Who among us has not gone out on a clear winter evening after a snowfall, gazed up at the Moon and looked at the shimmering white surfaces that embrace us, without feeling an incomparable sense of tranquility and comfort despite the cold night air?
In my life the experience of newly-fallen snow at night has conveyed peace, serenity and joy, as few other experiences have.
When I think back to the images of the Apollo lunar missions I cannot help but imagine a pristine wintry environment of fresh comforting snow. The grey-brown lunar soil seems white and the soft white rolling hills evoke a ski resort with promises of exhilarating joy. The Apollo images of a jet black sky – no matter that it was daytime on the Moon – conjures night. Juxtaposed with a bright snowy terrain they make me feel that our men on the Moon were working in a non-threatening environment, warmed and insulated by their crisp white suits against what James Joyce famously called 'the cold of interstellar space'.
In reality our astronauts landed on the Moon, allegedly, in daytime, when temperatures would have been extremely hot. So hot that they would have boiled to death had they not been protected. So hot that the slightest malfunction of their miraculous personal life support system backpacks or the array of late-sixties batteries within the Lunar Module would have meant sure death.
Yet despite however many times I view the Apollo photographs and TV recordings, my earthly associations of the conjunction of a dark sky with a soft white terrain convince me that the astronauts were having one grand old time fulfilling the wonderful dream of a moonlit white Christmas Eve – even though I know better. Even though I know that setting the Lunar Module in the middle of the Sahara Desert at eternal noontime would still have been far less sweltering than the lunar surface.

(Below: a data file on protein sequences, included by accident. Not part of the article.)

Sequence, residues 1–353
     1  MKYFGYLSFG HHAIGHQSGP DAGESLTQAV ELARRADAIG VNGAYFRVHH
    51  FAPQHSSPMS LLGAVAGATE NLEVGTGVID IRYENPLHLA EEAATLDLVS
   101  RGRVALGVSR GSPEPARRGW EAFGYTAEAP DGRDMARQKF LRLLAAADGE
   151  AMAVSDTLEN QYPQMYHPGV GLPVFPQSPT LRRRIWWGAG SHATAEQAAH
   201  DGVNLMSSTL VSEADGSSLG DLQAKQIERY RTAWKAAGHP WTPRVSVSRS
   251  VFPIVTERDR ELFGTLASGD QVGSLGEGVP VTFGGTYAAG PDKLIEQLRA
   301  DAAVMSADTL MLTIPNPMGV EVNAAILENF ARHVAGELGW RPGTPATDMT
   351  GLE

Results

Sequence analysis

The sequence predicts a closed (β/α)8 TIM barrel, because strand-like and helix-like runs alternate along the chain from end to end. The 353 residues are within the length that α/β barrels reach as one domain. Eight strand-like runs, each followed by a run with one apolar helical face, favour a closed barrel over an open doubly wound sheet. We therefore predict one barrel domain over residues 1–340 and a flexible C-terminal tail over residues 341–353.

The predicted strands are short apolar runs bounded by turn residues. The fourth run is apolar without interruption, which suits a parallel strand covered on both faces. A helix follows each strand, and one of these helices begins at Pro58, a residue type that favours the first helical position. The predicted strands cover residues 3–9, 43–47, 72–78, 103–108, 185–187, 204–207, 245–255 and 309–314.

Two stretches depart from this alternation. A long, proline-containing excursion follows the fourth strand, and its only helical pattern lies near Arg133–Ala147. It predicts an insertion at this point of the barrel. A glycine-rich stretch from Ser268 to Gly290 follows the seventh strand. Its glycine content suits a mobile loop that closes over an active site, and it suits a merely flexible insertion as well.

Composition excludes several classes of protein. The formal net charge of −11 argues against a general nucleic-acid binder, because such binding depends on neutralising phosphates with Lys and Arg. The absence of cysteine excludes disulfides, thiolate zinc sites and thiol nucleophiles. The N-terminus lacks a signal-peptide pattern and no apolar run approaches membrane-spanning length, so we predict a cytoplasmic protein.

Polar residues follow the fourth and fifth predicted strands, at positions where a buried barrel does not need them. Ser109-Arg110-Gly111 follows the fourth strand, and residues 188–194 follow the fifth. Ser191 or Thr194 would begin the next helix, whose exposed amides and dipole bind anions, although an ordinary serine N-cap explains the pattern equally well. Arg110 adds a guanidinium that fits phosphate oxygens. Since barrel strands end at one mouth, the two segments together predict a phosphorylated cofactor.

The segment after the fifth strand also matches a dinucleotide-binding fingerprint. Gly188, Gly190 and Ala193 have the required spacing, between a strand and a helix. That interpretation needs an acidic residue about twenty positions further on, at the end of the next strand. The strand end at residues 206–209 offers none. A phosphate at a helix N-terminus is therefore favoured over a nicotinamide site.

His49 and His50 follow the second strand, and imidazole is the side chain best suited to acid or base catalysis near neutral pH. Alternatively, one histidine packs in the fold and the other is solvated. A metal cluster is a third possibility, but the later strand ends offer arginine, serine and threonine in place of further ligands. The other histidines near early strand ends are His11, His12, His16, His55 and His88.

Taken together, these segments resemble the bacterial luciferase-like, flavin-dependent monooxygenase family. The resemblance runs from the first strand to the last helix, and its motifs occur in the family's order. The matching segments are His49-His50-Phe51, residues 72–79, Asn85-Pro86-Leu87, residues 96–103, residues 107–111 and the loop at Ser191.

The perpetrators of the Apollo hoax no doubt knew a great deal about human psychology, our wishes to accomplish the impossible, and our fantasies about winter wonderlands. Their propaganda was magnificent and contrived in such a way that thoughtful and rational considerations would be swept aside. The Moon they represented to us, so long aspired to by lovers, poets, by young and old – itself a serene and benign presence in our earthly sky – was welcoming, nurturing and benevolent, psychologically speaking, perfectly in consonance with our desires.
In fact the lunar surface is an extraordinarily hazardous environment. Temperatures fluctuate widely from above boiling point to far below freezing. Radiation abounds. Micrometeorites pummel the terrain ubiquitously. The vacuum of space would suck the life out of an insufficiently insulated liquid – or human being.
Harrison Schmitt on the 'Snowmobile' – AS17-134-20454
Watching the Apollo astronauts frolic and cavort on this forbidding surface one would think they hadn't a care in the world. They played golf. They used the Lunar Rover as a hot rod, and they hopped, skipped and jumped around (not very high, admittedly) as if the smallest tear in their magic suits wouldn't have meant instant death. They even left foil-wrapped family photographs on the Moon – how quaint! – and repaired a Rover fender with duct tape – duct tape! – which in the intense heat and vacuum wouldn't have survived for a minute.